• requires the FAA to update and improve its airline safety oversight program. Security Provisions “In support of improved aviation security, the Conference Report:
• includes $500 million per year to finance security capital improvements at airports – including the installation of explosive detection systems. After September 11, almost $500 million per year in AIP funds were diverted to security projects from safety and capacity projects. Although this may have been justifiable immediately after September 11, in the long run, a continuation of such diversion could be detrimental to the aviation system;
• extends the Secretary of Transportation’s authority to provide War Risk insurance to airlines against terrorism;
• expands the armed pilot program to include cargo pilots;
• requires the TSA to improve the security at foreign repair stations that conduct work on U.S. aircraft;
• authorizes compensation to general aviation entities for losses resulting from security mandates; and
• provides for certification and better security training for flight attendants. Improving Airline Service “In order to improve air transportation service, especially to smaller and rural communities, the Conference Report contains a number of provisions. The report:
• reauthorizes the Essential Air Service (EAS) at current funding levels;
• establishes a number of EAS pilot programs to give communities flexibility in how they receive EAS service;
• makes permanent the Small Community Air Development program;
• establishes a National Commission on Small Community Air Service to make recommendations on how to improve air service to such communities; and,
• includes a Sense of Congress that airlines should provide the lowest possible fare for all active duty members of the armed forces. “Further, for large airports in western states and smaller airports in the east, it frees up more takeoff and landing slots at Reagan National Airport. Environmental Provisions “The Conference Report addresses numerous environmental issues. It:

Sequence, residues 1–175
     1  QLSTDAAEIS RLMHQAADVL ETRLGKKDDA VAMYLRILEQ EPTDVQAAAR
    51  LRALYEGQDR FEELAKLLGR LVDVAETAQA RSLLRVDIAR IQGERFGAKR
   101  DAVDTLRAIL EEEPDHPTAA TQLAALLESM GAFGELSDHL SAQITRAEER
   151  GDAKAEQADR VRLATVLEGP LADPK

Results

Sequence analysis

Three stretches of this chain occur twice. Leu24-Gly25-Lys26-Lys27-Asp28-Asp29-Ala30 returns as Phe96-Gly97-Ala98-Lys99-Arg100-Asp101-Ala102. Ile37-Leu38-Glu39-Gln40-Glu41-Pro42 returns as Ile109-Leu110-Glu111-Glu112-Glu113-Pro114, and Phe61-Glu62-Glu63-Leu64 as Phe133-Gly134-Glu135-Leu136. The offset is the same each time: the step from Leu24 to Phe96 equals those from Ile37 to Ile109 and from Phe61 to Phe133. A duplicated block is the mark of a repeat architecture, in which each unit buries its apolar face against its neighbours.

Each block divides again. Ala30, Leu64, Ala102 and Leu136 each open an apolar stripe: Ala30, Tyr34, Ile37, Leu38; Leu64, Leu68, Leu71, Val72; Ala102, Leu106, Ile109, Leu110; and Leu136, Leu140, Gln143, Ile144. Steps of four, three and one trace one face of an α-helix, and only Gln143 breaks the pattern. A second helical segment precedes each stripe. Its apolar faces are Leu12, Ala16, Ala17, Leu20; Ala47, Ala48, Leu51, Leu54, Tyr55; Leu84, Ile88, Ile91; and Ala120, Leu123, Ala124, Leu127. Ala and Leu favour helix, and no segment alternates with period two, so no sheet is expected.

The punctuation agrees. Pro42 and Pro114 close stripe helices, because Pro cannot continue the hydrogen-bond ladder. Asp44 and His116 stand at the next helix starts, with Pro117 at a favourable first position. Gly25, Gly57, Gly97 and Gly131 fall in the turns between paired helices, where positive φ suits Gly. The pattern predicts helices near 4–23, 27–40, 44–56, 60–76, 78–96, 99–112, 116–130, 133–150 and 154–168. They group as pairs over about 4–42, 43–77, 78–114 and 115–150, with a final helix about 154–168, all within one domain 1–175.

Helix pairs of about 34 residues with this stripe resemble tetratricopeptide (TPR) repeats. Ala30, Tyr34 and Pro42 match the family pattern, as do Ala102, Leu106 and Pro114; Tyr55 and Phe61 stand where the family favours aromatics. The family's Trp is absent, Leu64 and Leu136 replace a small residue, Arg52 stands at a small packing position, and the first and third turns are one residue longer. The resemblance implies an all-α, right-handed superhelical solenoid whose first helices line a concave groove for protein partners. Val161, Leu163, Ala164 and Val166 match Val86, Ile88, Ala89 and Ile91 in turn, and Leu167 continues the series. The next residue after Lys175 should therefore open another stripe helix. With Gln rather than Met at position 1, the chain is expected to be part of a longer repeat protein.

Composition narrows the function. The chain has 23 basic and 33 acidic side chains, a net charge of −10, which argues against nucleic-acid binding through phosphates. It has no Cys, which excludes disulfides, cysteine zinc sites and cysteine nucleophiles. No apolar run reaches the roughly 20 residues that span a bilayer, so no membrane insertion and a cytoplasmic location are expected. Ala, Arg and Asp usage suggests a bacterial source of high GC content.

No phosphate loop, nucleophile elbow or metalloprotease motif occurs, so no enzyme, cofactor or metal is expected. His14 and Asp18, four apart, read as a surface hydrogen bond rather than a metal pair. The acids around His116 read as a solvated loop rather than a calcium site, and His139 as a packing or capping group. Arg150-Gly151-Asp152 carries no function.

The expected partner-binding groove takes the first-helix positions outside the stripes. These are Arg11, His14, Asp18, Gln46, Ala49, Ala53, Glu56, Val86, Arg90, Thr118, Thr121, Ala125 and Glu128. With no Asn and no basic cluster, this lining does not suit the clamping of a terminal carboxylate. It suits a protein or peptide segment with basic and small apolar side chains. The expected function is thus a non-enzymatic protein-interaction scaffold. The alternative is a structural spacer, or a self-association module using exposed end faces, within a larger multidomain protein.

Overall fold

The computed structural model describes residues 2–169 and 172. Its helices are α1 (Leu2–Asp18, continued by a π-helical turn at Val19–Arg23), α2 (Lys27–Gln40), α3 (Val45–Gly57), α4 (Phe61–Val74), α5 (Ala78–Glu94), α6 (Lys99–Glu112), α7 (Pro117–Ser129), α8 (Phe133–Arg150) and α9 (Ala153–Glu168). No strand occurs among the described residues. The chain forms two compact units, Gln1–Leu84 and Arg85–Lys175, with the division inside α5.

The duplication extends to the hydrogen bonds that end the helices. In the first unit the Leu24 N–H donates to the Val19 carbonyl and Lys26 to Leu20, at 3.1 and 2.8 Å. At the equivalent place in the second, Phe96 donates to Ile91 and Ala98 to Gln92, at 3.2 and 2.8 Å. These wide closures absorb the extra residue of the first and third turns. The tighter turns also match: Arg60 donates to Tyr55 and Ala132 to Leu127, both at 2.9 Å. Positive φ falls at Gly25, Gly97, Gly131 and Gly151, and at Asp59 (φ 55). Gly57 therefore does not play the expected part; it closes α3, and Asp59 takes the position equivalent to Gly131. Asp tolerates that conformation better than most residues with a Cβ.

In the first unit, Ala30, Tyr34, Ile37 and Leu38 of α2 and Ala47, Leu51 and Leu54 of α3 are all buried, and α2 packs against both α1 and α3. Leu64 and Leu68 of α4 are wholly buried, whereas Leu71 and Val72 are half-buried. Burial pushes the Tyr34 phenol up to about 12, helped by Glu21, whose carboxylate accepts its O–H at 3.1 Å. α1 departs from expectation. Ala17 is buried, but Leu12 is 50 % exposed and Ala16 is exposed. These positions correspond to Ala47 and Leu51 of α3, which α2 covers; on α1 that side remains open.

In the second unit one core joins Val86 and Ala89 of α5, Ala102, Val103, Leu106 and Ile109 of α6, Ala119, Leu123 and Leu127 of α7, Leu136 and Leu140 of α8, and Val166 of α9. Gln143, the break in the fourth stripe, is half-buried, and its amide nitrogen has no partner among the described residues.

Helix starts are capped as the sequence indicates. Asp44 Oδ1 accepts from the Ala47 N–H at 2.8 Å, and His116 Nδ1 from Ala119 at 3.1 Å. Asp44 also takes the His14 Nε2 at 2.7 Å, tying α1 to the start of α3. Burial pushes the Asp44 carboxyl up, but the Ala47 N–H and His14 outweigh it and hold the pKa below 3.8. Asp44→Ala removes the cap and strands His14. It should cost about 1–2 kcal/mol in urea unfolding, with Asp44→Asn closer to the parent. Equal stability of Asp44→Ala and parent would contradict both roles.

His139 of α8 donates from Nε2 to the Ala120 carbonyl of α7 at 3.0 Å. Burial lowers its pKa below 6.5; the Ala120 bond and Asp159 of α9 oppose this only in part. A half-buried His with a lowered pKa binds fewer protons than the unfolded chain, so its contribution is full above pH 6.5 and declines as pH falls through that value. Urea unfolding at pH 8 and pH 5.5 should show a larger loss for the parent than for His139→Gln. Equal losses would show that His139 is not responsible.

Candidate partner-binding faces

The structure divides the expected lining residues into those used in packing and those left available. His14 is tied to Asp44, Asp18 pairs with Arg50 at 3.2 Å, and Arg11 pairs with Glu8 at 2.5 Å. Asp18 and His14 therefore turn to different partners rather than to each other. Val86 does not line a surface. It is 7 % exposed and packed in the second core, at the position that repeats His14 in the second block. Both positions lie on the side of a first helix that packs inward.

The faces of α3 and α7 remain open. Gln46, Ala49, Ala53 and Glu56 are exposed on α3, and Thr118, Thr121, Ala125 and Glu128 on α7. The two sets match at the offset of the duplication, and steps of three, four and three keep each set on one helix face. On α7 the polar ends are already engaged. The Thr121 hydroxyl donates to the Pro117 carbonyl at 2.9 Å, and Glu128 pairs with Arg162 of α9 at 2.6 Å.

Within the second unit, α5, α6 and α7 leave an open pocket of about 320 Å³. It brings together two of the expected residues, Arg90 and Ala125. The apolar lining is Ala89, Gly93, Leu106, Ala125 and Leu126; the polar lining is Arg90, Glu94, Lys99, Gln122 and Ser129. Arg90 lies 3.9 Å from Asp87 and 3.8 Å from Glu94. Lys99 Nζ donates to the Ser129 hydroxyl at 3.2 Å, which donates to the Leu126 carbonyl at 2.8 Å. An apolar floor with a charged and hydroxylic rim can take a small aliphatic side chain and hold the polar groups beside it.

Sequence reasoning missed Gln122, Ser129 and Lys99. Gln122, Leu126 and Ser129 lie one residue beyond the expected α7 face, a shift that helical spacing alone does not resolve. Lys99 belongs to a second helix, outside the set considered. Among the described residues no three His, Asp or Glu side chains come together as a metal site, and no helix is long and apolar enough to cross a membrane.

• streamlines environmental review of projects to increase airport capacity and improve aviation safety and security;
• authorizes grants to airports to permit them to purchase or retrofit low emission vehicles at airports; and
• authorizes projects that improve air quality and give airports emission credits for undertaking such projects;. “I want to recognize all the hard work that Senator Lott, as Chairman of the Aviation Subcommittee, has put into the bill this year. Last winter, many in the aviation community predicted that Congress would not enact an aviation reauthorization bill this year. Senator Lott would not even consider such a scenario and kept us on a schedule where the Conference Report was actually completed before the August recess. This was only possible, as always, due to the work and cooperation on this bill from the ranking Democratic members of the Commerce Committee and its Aviation Subcommittee, Senators Hollings and Rockefeller. “I also wish to thank Senator Dorgan for his work in brokering the compromise that allowed us to move forward with this Conference Report today. “And I want to thank the Administration, especially Secretary Mineta and FAA Administrator Blakey, in working long and hard with us to get a final compromise on the issue of privatization. “I urge my colleagues to support final passage of the Conference Report and send it to the President.” ###